LAWRENCE — The University of Kansas Department of Architecture’s Studio 804 design-build program has completed its latest project, a net-zero, passive solar house. It will be open to the public 9 a.m.-2 p.m. Saturday, May 7, at 1200 Pennsylvania St.
Final-year Master of Architecture students under the direction of Dan Rockhill, J.L. Constant Professor of Architecture, started design and construction of the house in August and put the finishing touches on this week. They will lead the tours.
The two-bedroom, two-bath house is designed to meet two sustainable building standards, Leadership in Energy and Environmental Design (LEED) Platinum and the Passive House Institute standards.
The house is on a north-facing corner lot in the historic east Lawrence neighborhood. It wraps around a south-facing courtyard that is the focal point of the house, with nearly every room opening onto it through full-height windows. The courtyard is open to the sun but protected from the north winds to maximize its use throughout the year.
“The design of the house was a real challenge because it is near a listed historic property. But it also had to respect the forms and character of the surrounding buildings while being distinctly new and really sustainable,” said Allison Wilke of St. Charles, Missouri.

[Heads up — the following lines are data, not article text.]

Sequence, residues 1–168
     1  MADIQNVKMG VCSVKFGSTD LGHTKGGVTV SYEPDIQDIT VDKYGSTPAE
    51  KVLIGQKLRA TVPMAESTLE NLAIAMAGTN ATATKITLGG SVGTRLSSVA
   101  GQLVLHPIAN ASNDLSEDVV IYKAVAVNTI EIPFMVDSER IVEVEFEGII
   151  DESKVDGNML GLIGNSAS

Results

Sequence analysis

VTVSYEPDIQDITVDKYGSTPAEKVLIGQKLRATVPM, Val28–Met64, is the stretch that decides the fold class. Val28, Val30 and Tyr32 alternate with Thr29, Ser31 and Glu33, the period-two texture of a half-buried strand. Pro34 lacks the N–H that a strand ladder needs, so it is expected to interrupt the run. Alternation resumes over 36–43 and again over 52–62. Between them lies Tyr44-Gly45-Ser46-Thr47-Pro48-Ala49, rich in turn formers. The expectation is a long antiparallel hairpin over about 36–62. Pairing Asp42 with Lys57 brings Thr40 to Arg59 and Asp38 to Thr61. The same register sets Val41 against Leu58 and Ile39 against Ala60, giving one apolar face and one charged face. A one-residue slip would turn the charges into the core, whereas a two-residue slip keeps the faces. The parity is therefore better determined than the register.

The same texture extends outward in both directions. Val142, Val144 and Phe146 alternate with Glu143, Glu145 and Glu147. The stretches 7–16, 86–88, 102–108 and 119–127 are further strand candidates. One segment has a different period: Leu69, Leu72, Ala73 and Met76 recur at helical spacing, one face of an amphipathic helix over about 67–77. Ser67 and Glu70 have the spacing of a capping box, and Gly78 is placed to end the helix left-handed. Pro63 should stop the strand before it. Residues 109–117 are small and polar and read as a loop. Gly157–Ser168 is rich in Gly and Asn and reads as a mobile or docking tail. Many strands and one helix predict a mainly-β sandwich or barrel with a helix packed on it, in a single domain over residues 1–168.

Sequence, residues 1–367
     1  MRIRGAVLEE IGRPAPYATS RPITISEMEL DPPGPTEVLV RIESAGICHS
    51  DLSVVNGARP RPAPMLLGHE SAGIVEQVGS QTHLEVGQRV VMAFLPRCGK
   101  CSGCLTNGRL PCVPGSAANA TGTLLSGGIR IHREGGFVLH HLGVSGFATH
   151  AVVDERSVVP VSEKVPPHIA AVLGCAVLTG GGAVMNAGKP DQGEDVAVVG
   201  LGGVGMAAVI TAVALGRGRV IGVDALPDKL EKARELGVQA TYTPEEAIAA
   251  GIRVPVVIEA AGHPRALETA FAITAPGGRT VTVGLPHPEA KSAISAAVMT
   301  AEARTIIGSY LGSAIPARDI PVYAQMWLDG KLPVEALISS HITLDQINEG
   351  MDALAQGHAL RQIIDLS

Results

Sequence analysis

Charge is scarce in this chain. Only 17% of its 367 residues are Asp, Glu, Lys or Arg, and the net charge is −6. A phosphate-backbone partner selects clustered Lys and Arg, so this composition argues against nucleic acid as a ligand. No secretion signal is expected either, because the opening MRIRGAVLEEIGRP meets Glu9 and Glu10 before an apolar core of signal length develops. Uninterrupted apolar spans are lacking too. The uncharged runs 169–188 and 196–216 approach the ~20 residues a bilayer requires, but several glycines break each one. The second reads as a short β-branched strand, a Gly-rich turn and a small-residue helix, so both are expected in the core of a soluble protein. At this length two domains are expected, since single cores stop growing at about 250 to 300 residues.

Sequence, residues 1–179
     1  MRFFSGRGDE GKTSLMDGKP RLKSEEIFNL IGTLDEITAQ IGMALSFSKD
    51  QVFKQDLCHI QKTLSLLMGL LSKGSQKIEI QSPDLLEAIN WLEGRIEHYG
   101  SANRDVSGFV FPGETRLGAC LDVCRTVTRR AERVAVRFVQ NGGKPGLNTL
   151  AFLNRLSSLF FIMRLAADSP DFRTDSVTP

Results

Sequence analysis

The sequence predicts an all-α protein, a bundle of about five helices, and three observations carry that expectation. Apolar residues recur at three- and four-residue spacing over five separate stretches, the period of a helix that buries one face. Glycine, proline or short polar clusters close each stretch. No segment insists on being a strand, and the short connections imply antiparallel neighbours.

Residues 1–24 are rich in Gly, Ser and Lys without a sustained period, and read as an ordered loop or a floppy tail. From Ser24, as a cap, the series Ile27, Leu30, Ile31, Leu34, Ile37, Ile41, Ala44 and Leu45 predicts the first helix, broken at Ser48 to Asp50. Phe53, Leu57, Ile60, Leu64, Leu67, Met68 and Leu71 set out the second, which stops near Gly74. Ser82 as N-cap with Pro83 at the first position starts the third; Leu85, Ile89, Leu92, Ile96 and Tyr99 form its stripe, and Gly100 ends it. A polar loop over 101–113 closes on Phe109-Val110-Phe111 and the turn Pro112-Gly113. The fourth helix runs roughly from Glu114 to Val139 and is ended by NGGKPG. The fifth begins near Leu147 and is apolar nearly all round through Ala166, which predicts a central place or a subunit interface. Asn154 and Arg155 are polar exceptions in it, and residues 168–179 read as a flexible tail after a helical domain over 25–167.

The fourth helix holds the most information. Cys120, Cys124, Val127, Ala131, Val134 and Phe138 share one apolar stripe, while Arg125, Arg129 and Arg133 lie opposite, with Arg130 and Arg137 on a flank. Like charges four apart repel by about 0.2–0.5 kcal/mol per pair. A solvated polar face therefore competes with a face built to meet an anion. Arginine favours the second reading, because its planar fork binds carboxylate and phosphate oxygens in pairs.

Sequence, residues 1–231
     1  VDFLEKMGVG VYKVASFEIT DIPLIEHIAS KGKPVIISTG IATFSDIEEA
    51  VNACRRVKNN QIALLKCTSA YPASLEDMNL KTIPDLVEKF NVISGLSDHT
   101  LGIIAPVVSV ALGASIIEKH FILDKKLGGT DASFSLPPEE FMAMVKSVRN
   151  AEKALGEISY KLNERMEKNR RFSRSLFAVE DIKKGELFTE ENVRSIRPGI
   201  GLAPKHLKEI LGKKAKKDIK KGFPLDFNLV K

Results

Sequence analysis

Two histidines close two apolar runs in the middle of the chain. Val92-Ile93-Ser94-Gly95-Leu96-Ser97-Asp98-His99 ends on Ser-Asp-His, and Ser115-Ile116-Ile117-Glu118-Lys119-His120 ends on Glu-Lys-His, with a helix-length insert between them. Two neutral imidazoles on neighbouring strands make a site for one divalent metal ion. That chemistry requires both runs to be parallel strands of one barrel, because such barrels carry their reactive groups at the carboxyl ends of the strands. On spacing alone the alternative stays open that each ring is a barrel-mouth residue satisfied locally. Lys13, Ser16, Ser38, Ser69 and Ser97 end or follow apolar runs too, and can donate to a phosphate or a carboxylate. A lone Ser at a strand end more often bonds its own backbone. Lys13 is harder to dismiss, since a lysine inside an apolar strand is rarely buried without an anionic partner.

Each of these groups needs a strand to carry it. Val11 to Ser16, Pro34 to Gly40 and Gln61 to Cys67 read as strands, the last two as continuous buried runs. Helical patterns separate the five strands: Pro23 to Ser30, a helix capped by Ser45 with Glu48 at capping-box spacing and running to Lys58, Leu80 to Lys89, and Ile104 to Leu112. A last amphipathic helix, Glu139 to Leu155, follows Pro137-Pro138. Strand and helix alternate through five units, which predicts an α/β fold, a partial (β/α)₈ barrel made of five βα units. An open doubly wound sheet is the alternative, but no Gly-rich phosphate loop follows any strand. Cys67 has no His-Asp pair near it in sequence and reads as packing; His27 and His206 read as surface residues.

The building’s siding is low-maintenance Western Red Cedar reclaimed from dismantled railroad bridge trestles. Countertops were cut from marble slabs salvaged from a demolished office building.
1200 Pennsylvania is fully accessible and features an airtight, highly insulated thermal envelope, state-of-the-art efficient light fixtures and appliances as well as a high -performance mechanical system.
These design characteristics in combination with a 20 photovoltaic panel array on the roof to power the house and through the net metering system excess energy produced is credited back to the homeowner.
“Since this house has the proper orientation to take advantage of the sun and wind, the owner should have little or no energy costs over a calendar year,” said Alyssa Johnston, George West, Texas.
“In the winter, heat produced by cooking and bathing is captured to help heat the house through the use of an energy recovery ventilator,” she said. “The building also needs much less cool air during the summer to keep the spaces comfortable. With the heavy insulation, airtight skin, and high-quality windows and doors, it performs like a Thermos that doesn’t allow the cool air to escape.”
Click here to see plans and renderings of 1200 Pennsylvania.